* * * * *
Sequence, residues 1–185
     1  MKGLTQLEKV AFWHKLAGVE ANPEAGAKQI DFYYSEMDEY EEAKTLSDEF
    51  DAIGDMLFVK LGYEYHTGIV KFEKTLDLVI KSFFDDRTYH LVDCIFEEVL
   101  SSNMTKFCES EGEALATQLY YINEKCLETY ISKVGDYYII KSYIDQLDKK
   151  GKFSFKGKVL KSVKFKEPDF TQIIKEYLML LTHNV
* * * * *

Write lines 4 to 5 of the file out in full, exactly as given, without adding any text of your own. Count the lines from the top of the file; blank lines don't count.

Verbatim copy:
   101  SSNMTKFCES EGEALATQLY YINEKCLETY ISKVGDYYII KSYIDQLDKK
   151  GKFSFKGKVL KSVKFKEPDF TQIIKEYLML LTHNV